Rome (CNN) -- Pope Francis has appointed a group of eight cardinals from around the world to look into ways of reforming the Catholic Church, the Vatican said Saturday.
The group, which includes U.S. Cardinal Sean O'Malley from Boston, will examine ways to revise the Vatican constitution, Pastor Bonus, which sets the rules for running the Roman Curia, or church hierarchy.
The cardinals -- who come from North America, Latin America, Africa, Asia and Europe -- will first meet in October, the Vatican said.
The move follows on from suggestions made during the General Congregations, a series of meetings that brought together all the cardinals last month before they elected Francis as pope, the Vatican said.
The other seven cardinals are: Giuseppe Bertello, president of the Vatican City State governorate; Francisco Javier Errazuriz Ossa from Chile; Oswald Gracias from India; Reinhard Marx from Germany; Laurent Monsengwo Pasinya from the Democratic Republic of the Congo; George Pell from Australia; and Oscar Andres Rodriguez Maradiaga from Honduras.
An Italian bishop, Monsignor Marcello Semeraro, will act as secretary for the group.
Pope Francis has already been in touch with the chosen cardinals, the Vatican said.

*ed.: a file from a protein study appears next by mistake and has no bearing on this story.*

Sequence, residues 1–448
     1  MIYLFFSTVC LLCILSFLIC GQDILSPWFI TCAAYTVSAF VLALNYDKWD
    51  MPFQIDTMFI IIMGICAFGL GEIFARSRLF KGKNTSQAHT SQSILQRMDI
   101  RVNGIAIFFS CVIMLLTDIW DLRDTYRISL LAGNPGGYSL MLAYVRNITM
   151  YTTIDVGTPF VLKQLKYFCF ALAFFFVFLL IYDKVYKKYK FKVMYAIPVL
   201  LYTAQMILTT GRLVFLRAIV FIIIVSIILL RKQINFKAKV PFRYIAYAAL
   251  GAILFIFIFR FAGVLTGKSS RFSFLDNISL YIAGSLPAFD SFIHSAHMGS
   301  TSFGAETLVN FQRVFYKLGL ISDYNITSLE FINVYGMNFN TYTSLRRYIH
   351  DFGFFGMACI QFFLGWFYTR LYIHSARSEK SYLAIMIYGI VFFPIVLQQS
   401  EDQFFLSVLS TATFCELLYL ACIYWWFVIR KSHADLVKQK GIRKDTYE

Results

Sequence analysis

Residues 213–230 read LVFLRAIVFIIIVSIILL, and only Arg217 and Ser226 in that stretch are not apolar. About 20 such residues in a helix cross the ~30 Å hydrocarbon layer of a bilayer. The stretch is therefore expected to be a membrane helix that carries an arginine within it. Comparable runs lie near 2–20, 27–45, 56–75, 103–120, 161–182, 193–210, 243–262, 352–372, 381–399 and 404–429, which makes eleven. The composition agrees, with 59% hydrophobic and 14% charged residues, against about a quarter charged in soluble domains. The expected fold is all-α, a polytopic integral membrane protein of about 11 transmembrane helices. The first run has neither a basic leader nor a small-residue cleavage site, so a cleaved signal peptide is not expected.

The Catholic Church has faced calls for reform in the wake of scandals involving the sexual abuse of children by priests and allegations of corruption.
The Rev. Thomas Rosica, issuing guidance on behalf of the Vatican, said the group of cardinals was just that -- "not a commission, committee or council."
It "has no legislative power and its main function is to 'advise' the pope," he said. "The group will not in any way interfere in the normal functions of the Roman Curia, which helps the Pope in the daily governance of the Church."
The group's formation, exactly a month after Francis was elected, shows that the pope "listens attentively" to what the cardinals say, Rosica said.
The document the cardinals are studying is the Apostolic Constitution of Pope John Paul II, known as the Pastor Bonus, which was published in 1988.
CNN Vatican analyst John Allen, who's also a correspondent for the National Catholic Reporter, wrote that the news was "a signal that major reform may be on the horizon."
"Strikingly, there was only one member of the Roman Curia among the eight cardinals tapped to assist the pope. The rest come from various parts of the world, with at least one representing each continent," he said.
The group will be coordinated by Rodriguez, from Tegucigalpa, who speaks several languages and was himself seen as possible contender for the papacy.
In Honduras, "Rodriguez has long led the pack in terms of moral authority and social influence," Allen wrote in a profile ahead of the papal election, or conclave.
CNN's Hada Messia reported from Rome and Laura Smith-Spark wrote in London. Eric Marrapodi contributed to this report.